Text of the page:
Andrew Marvell, the Critical Heritage

By Elizabeth Story Donno | Go to book overview
Save to active project


John Clare, from a letter to H. F. Cary


Successively a shepherd, pot-boy, gardener, vagrant, and, ultimately, a madman, John Clare (1793-1864) enjoyed a few short years as a poet of some esteem.

Having successfully pawned off a composition of his own in 1825 as a poem of Marvell’s, he admitted both the fabrication and his rationale in a letter to H. F. Cary, the translator of Dante.

Extract from The Letters of John Clare, ed. J. W. and A. Tibble (1951), pp. 223-5.

Helpstone Jany 1829


…I write to beg your opinion of the enclosed Poem as one of those I intended to pass off as the writings of others—this I sent to the Everyday book1 as the production of Andrew Marvel, & the Editor took it for granted that it was so & paid me a compliment in praising it which he would not have done had it passed under my own name & as I still have thoughts of going on with the deception I have sent it to request your opinion of it. I know nothing of the writing of the old Poets further then the ‘Specimens of Ellis’ & the ‘Songs of Ritson’2 but the idea of their manner is all I want to be acquainted with—I had read that Marvel was a great advocate for liberty & as death is a great leveller I thought it would add to the disguise to father upon him that subject. I have written several others for Sir Walter Raleigh, Sir Henry Wooton &c &c; the old manner is all that I attempt with sprinkling a few old words [h]ere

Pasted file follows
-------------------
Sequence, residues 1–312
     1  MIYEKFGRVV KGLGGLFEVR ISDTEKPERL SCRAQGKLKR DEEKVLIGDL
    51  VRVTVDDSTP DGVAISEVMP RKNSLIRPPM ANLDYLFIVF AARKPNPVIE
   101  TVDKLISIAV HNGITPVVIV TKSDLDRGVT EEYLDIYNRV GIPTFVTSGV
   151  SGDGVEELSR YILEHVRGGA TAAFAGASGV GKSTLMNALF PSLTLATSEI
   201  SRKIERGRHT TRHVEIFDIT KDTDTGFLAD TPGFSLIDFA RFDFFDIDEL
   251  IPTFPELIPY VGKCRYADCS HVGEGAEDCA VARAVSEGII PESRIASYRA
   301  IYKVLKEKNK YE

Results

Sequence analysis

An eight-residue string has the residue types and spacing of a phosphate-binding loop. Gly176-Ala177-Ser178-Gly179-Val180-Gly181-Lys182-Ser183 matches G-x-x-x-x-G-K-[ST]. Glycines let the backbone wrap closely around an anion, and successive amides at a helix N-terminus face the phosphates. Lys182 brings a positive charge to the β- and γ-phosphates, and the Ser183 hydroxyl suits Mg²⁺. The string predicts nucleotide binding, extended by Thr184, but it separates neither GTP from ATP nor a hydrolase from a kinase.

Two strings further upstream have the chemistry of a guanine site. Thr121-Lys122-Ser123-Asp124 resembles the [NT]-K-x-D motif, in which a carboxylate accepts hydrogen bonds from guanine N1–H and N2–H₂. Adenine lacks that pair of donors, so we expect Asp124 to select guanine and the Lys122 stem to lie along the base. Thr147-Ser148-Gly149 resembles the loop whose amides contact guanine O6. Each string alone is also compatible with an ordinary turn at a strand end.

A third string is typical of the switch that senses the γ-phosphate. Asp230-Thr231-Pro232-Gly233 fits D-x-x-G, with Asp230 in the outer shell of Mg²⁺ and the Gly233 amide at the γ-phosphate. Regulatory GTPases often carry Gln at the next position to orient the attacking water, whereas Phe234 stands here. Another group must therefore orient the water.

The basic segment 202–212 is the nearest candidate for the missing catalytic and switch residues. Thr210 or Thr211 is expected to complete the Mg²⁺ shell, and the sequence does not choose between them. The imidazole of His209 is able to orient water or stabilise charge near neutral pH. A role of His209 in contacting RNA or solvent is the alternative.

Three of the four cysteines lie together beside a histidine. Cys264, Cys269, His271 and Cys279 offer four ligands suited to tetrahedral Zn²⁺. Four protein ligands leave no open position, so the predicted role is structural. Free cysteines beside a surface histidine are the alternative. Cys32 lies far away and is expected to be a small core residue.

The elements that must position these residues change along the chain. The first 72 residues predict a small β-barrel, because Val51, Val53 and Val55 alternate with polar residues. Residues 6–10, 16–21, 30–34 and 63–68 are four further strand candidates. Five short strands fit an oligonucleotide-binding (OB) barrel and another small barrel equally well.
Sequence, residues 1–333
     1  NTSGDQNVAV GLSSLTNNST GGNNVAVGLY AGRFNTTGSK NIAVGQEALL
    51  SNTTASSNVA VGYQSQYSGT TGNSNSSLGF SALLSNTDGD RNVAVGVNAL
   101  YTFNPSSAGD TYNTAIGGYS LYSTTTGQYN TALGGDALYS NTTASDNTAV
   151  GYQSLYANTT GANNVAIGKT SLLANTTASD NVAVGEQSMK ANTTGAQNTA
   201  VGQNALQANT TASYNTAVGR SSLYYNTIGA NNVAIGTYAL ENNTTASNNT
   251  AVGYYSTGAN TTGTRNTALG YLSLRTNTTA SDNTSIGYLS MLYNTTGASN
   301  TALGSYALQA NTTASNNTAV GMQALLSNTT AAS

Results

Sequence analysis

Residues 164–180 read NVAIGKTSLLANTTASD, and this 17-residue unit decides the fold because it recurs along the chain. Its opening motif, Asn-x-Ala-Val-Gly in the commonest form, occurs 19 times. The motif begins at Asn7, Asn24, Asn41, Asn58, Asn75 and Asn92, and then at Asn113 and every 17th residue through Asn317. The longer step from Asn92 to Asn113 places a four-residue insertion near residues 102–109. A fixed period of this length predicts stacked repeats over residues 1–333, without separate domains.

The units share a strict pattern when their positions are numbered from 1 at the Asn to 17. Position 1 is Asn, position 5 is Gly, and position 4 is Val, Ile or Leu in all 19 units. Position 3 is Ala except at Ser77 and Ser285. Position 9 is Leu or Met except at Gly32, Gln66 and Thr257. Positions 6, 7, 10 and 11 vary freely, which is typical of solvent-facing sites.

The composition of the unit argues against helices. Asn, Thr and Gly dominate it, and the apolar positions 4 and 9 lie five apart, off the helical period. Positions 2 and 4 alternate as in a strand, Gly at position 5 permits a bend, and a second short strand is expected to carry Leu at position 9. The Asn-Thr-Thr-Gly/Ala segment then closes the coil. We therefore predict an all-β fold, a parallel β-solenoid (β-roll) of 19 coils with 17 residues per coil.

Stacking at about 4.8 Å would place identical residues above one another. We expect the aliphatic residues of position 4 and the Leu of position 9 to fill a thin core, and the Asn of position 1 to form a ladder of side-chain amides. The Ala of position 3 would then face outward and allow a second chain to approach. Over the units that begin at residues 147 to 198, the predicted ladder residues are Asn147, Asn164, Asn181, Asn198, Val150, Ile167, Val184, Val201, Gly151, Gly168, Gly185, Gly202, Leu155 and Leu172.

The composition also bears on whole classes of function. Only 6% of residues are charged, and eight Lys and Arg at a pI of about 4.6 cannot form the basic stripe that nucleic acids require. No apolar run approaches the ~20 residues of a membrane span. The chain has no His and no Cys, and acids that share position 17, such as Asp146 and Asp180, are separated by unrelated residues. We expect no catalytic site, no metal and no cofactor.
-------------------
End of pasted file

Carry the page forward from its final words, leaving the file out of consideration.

1 Edited by William Hone, 1825.

2 The first edition (1790) of Specimens of the Early English Poets, edited by George Ellis, did not, in fact, include any Marvell; the second (1801) included two poems, both abridged: ‘Daphnis and Chloe’ and ‘Young Love. Joseph Ritson’s Ancient Songs (1792) and Ancient Songs and Ballads (1829) also did not include any Marvell, though ‘The Nymph’ is one he did include in his three-volume English Anthology (1793-4).


Notes for this page

Add a new note
If you are trying to select text to create highlights or citations, remember that you must now click or tap on the first word, and then click or tap on the last word.
Loading One moment ...
Project items
Cite this page

Cited page

Citations are available only to our active members.
Sign up now to cite pages or passages in MLA, APA and Chicago citation styles.

Cited page

Bookmark this page
Andrew Marvell, the Critical Heritage
Table of contents

Table of contents



Text size Smaller Larger
Search within

Search within this book

Look up

Look up a word

  • Dictionary
  • Thesaurus
Please submit a word or phrase above.
Print this page

Print this page

Why can't I print more than one page at a time?

While we understand printed pages are helpful to our users, this limitation is necessary to help protect our publishers' copyrighted material and prevent its unlawful distribution. We are sorry for any inconvenience.
Full screen
/ 386

matching results for page

Cited passage

Citations are available only to our active members.
Sign up now to cite pages or passages in MLA, APA and Chicago citation styles.

Cited passage

Welcome to the new Questia Reader

The Questia Reader has been updated to provide you with an even better online reading experience.  It is now 100% Responsive, which means you can read our books and articles on any sized device you wish.  All of your favorite tools like notes, highlights, and citations are still here, but the way you select text has been updated to be easier to use, especially on touchscreen devices.  Here's how:

1. Click or tap the first word you want to select.
2. Click or tap the last word you want to select.

OK, got it!

Thanks for trying Questia!

Please continue trying out our research tools, but please note, full functionality is available only to our active members.

Your work will be lost once you leave this Web page.

For full access in an ad-free environment, sign up now for a FREE, 1-day trial.

Already a member? Log in now.

Are you sure you want to delete this highlight?